Regarding Responsible Reformation
by Al Maxey -------
Issue #53 ------- July 11, 2003
Reading furnishes our mind
only with materials of knowledge; it is
thinking that makes what we read ours.

--- John Locke (1632-1704)

Building Biblical Hermeneutists

The importance of sound biblical hermeneutics cannot be overstated. Our perception of Truth ultimately depends upon our approach to the inspired biblical record. Equally important to this process of discovery, however, is the nature and ability of the hermeneutist. If one employing a sound hermeneutic is himself unsound, the result will be disastrous to the appreciation and application of Truth. Often our focus in such a study is upon the various rules of interpretation. In this article, however, let us shift our focus to those assorted qualities and characteristics which can either help or hinder one in his quest to become a good biblical interpreter.

That Which Helps

Common Sense --- One thing I try to convey in all my classes on Sacred Hermeneutics is that the number one quality of a good biblical interpreter is common sense. Without it one is destined to fail in his quest for genuine understanding of God's Word. "It is not hoped that any number of axioms and rules of interpretation will compensate the unfortunate interpreter who is lacking in good judgment and sound common sense. Laws of all sciences presuppose ability in him who would use them" (Dr. Clinton Lockhart, Principles of Interpretation, p. 13). "The interpreter of Scripture, first of all, should have a sound, well-balanced mind. For dullness of apprehension, defective judgment, and an extravagant fancy will pervert one's reason, and lead to many vain and foolish notions" (Dr. Milton S. Terry, Biblical Hermeneutics: A Treatise on the Interpretation of the Old and New Testaments, p. 151).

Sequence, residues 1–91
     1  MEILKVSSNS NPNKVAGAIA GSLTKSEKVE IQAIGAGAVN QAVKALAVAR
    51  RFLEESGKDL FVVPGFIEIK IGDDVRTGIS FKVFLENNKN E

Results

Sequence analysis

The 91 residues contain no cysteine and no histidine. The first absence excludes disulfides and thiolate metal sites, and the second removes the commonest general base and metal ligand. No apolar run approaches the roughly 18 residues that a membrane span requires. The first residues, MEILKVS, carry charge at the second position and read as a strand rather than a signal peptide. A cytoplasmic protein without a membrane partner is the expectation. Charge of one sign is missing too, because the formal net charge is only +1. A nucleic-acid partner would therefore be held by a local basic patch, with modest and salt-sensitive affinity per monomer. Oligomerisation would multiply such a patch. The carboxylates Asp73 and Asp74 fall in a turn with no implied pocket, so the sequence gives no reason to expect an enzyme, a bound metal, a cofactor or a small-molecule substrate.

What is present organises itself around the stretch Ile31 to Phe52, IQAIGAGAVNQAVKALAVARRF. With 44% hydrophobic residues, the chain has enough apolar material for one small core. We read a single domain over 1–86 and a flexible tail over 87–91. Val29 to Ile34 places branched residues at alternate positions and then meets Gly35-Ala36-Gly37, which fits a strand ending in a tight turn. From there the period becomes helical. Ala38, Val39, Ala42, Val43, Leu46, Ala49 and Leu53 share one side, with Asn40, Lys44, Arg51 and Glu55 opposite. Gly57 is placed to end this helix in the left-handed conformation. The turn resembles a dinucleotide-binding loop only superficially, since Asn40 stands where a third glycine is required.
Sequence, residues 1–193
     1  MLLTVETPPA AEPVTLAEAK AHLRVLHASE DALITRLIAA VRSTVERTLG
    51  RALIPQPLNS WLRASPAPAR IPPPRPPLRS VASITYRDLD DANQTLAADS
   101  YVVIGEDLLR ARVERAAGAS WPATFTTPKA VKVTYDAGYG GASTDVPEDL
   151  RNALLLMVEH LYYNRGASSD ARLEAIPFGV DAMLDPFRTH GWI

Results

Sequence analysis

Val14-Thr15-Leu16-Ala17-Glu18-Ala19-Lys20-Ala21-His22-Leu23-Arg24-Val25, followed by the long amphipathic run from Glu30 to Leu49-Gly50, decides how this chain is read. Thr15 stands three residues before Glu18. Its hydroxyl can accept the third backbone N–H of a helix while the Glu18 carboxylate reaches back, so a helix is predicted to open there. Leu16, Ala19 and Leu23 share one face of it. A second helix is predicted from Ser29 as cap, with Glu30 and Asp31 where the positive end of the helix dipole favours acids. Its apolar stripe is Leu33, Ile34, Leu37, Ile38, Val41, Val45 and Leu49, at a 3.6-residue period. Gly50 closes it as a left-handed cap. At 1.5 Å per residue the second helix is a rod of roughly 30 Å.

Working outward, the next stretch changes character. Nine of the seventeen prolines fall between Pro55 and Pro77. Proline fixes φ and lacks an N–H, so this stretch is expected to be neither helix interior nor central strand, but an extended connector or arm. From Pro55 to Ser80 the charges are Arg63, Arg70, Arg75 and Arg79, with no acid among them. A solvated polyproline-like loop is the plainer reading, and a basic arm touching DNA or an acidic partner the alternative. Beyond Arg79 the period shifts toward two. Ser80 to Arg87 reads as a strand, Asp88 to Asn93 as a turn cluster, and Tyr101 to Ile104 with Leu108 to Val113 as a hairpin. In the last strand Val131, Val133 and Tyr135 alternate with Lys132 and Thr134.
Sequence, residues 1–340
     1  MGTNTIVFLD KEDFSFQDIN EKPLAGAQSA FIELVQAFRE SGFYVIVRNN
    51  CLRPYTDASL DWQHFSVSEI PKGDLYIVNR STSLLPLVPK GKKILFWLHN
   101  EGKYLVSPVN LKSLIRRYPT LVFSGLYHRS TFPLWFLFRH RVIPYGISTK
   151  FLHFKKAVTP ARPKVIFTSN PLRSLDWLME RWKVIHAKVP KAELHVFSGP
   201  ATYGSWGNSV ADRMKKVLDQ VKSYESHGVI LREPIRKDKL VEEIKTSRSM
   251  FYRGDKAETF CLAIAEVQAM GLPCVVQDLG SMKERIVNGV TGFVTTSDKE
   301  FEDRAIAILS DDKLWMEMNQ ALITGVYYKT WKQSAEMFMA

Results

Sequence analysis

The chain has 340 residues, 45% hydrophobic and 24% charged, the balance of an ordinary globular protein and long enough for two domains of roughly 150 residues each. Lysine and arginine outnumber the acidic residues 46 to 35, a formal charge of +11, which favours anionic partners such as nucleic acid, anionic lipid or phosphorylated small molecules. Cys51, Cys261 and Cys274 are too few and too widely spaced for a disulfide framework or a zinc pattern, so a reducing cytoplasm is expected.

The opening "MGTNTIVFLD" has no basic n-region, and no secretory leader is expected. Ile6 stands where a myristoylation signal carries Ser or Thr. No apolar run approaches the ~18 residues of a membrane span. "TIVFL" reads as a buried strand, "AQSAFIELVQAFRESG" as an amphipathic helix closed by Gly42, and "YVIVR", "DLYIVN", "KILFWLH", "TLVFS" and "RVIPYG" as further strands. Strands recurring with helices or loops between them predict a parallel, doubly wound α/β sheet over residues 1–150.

A Deep Faith in the Inspiration of the Scriptures --- It is critical that one have a solid conviction that the biblical record is indeed the very word and will of God to mankind. God-breathed. A serious view of Scripture is conductive to a serious study of it. One will be more likely to exercise care in the interpretation of these writings when he realizes that he is seeking to understand the very thoughts of his Creator!

A Desire to Seek Out and Know TRUTH --- A good interpreter of Scripture must have a genuine hunger and thirst for a deeper understanding of the things of God. An eagerness to receive the Word, and a willingness to daily search the Scriptures for greater awareness of Truth (Acts 17:11), is critical.

A Sincere Heart; A Desire to Promote Truth, not Peddle it for Personal Gain --- "Unlike so many, we do not peddle the Word of God for profit; but with sincerity we speak" (2 Cor. 2:17). Those who "preach for profit" will often interpret the Word according to the desires of their hearers in order to maintain their position and popularity (2 Tim. 4:3-4).

A Good Education in Biblical Backgrounds --- A working knowledge of the original languages of the Bible is very important if one expects to acquire deeper appreciation of the message of the Lord. "There are many thoughts in the Greek and Hebrew Scriptures that can not be so clearly presented in any other language. In translating any book from one language into another, much of the beauty and strength is lost. Other things being equal, the scholar in Hebrew and Greek is the better interpreter" (Dr. D.R. Dungan, Hermeneutics: The Science of Interpreting the Scriptures, p. 28).